Eastern Shasta County had quite the storm Wednesday night.
It started around 7:30 p.m. and lasted about 30 minutes, causing some damage in the Fall River Mills area.
Jazmine Graves and Donna Sanders live at the Cedarwood Apartment Complex. They said some of the hail was "almost baseball sized. You could hear them. It literally sounded like gunshots when they'd hit the roofs or explode."
Graves and Sanders said they were getting ready to leave their apartments when the weather eerily changed. "It was like 103 degrees. it had cooled down from almost 110 but then it dropped down below 40's in just a matter of minutes."
The next thing they knew, they were slammed with a major hail storm. "They just started coming down, big ones like golf balls," they told us, "it sounded like gunshots. We had to retreat inside. I couldn't even go roll up my windows. I ended up with 2 or 3 inches of water at the bottom of my car, dents all over the top. We had a friend come out to try and roll car windows up and he got hit in the head a couple times with golf ball size hail balls and he had knots all over his head."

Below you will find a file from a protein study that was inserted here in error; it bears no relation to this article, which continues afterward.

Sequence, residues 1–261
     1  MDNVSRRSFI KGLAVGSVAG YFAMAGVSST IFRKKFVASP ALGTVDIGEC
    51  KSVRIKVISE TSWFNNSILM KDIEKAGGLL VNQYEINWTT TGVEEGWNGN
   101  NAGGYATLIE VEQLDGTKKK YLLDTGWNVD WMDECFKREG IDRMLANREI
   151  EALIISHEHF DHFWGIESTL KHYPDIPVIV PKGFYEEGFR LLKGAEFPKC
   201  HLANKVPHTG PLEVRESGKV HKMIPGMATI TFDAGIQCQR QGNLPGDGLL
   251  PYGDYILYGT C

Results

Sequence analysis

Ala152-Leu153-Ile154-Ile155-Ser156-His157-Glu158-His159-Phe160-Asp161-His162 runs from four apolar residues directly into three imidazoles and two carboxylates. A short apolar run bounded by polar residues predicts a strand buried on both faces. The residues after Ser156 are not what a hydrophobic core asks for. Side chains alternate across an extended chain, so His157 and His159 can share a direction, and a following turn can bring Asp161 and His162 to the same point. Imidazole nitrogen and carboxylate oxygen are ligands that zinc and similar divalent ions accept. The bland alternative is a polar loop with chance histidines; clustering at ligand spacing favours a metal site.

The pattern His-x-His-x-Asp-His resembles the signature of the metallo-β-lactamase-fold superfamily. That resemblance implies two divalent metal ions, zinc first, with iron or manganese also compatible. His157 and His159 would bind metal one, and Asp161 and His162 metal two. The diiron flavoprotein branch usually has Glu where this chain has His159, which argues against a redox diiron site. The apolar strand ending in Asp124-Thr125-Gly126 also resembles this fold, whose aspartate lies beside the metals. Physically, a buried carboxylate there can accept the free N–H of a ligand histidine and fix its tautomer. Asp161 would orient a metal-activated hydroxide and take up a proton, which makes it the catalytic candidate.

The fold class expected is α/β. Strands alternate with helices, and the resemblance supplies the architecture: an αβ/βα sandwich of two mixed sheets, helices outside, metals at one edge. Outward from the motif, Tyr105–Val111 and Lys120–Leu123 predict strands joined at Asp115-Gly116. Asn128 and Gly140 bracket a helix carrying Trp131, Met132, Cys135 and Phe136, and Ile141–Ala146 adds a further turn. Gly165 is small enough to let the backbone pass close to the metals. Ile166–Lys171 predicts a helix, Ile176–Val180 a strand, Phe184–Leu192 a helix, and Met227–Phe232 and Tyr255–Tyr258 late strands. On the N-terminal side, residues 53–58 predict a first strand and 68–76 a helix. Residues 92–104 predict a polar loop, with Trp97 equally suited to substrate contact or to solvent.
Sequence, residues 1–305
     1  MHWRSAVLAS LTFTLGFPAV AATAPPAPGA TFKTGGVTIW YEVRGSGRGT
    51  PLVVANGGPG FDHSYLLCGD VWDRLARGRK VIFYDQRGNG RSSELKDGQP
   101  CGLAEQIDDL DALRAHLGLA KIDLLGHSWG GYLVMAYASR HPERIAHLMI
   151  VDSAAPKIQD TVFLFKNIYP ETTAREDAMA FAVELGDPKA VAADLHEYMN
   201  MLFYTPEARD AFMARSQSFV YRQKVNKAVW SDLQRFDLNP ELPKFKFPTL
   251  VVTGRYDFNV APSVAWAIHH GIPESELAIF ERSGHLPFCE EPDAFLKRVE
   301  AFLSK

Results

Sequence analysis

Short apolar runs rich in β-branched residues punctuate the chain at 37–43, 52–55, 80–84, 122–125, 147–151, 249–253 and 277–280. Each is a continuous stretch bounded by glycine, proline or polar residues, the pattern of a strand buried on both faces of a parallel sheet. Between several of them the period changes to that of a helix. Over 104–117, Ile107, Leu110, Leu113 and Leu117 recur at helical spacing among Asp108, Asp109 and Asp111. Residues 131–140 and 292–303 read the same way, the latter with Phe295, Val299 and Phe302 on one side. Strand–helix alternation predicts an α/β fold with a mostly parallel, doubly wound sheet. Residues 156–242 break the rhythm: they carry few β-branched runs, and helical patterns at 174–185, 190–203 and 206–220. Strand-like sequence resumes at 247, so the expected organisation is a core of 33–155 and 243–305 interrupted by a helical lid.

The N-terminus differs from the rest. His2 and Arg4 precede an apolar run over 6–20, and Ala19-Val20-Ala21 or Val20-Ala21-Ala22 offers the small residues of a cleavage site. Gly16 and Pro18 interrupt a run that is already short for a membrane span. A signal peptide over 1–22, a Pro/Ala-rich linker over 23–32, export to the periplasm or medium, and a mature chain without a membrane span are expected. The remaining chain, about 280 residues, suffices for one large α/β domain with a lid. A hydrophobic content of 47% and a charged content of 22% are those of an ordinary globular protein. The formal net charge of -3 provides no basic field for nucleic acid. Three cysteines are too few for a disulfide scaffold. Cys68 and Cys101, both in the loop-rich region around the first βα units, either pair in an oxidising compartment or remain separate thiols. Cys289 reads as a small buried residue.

Graves and Sanders also said when the storm passed through there was a handful of kids playing on a playground in the complex. They children had no choice but to hide under the slide and the structure to keep from getting hit.
Even though its July, they told us it felt like the middle of winter. "Everything was covered in white. There was no green on the ground. No black on the asphalt...nothing. It was just completely white."
Both women have lived in the area their whole lives, but said they've never been in a storm like this.
"It was so crazy, but it was the most magnificent storm I had ever seen. I was so glad I was able to see it," Graves said.
Even Thursday morning, the day after the storm, there was a good amount of hail scattered all around throughout the apartment complex.
The Fort Crook Museum was also damaged.
The museum has been there since 1963 and means a lot to the Fall River Mills community.
Pitville School, built in 1885, is featured at the museum. The side windows of the school were shattered by the hail.
Their garden was also damaged. The flowers were all flattened too.
Dorothy Mason, the museum's Curator and Billy Mason, the Director said they've never had this amount of nature-caused damage, but that they know the community will help fix it back up.
It's a non-profit museum, so the Mason's said they appreciate the community's help.